“Perhaps it can help relay the community’s concerns and ideas and concerns on up to the executive branch in one way or another,” said Zala. “That’s my hope.”
One interesting observation about the new caucus: of the 12 members that were originally announced on the caucus (two were added later in the week), Pawar’s ward contains the smallest percentage of Asian-Americans, just over 7 percent. The council member whose ward has the highest percentage, at 34 percent, is Ald. James Balcer (11th).
An organizer who lobbies elected officials on behalf of Asian-American interests said Balcer was not open to consideration of a proposed ward map that would have kept the majority of Chinatown-area residents in one district. The source asked to remain anonymous because of the need to maintain a working relationship with city officials, but added that the rebuff wasn’t surprising. Referring to other community organizations that work with Asian-Americans in Chicago, the organizer added, “What they’ve told us privately is it’s been difficult to get some aldermen to be responsive.”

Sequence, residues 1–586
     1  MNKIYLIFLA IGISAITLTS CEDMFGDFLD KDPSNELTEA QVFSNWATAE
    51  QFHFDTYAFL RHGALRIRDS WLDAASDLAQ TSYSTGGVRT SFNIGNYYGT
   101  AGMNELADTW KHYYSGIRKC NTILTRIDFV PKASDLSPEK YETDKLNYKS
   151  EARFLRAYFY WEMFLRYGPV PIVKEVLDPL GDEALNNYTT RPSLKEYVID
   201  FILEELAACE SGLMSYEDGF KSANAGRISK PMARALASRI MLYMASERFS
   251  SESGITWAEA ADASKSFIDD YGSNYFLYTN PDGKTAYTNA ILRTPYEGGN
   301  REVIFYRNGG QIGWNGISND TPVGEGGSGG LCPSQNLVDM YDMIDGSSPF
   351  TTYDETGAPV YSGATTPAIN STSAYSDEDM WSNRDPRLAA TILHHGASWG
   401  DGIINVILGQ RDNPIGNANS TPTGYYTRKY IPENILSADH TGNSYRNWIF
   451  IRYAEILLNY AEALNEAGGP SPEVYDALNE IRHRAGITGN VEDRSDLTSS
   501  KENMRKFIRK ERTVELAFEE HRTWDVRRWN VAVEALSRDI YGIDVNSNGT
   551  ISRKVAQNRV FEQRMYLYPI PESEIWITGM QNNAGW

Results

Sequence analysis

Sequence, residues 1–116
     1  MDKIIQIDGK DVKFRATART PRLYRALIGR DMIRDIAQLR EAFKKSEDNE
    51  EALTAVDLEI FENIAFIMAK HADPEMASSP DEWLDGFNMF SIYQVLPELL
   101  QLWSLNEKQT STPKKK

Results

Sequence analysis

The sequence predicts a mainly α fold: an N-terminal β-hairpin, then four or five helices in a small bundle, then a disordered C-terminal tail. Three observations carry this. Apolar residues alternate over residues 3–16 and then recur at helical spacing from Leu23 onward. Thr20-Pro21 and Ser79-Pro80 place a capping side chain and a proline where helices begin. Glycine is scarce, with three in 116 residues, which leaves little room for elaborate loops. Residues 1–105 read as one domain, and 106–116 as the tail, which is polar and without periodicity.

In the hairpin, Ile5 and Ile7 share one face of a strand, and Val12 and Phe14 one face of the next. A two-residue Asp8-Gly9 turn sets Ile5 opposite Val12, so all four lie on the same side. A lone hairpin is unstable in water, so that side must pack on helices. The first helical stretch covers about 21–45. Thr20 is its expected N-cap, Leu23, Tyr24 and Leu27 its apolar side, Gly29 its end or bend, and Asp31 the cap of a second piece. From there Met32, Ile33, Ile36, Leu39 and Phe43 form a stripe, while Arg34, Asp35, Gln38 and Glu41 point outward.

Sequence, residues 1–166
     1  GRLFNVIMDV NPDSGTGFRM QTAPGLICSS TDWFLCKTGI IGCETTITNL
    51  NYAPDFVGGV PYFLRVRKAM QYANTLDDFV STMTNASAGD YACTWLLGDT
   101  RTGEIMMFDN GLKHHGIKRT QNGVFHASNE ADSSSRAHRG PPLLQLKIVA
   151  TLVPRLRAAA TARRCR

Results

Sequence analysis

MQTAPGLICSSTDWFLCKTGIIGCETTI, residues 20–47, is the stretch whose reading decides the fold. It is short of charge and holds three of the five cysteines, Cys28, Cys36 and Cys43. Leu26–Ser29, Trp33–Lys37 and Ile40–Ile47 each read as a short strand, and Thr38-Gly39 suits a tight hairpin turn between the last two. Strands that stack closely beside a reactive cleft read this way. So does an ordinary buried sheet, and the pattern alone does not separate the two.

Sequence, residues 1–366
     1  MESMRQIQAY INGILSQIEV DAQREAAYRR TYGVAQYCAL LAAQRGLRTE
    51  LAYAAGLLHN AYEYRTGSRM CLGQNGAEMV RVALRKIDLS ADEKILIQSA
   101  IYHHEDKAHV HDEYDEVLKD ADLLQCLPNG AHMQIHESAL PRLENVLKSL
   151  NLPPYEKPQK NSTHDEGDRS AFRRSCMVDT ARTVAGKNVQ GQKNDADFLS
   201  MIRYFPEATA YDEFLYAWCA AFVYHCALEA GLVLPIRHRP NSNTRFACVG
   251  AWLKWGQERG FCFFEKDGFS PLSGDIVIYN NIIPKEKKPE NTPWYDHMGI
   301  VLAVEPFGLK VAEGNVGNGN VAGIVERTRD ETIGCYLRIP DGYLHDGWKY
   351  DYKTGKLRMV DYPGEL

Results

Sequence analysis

Ultimately, many see the success of the caucus resting squarely on Pawar’s shoulders. Pawar has declared that he intends to hold office for no more than two terms. His efforts may be buoyed by the growth in Chicago’s Asian-American population. Community organizers have mounted successful voter registration campaigns over the last several years, and have gained state-wide influence with the creation of an Asian-American Caucus in the General Assembly. These changes may persuade Pawar’s fellow caucus members that it’s time, again, to keep a seat at the table reserved for Asian-Americans in Chicago.
Members of the City of Chicago’s Asian-American Caucus: Ald. Ameya Pawar (47th), Danny Solis (25th), Patrick O’Connor (40th), Dick Mell (33rd), Walter Burnett (27th), Bob Fioretti (2nd), Will Burns (4th), Joe Moore (49th), James Balcer (11th), Debra Silverstein (50th), Harry Osterman (48th), James Cappleman (46th), Marge Laurino (39th), Brendan Reilly (42nd).
Correction note: An earlier version of this article incorrectly stated that Pawar declared he would hold office for one term only.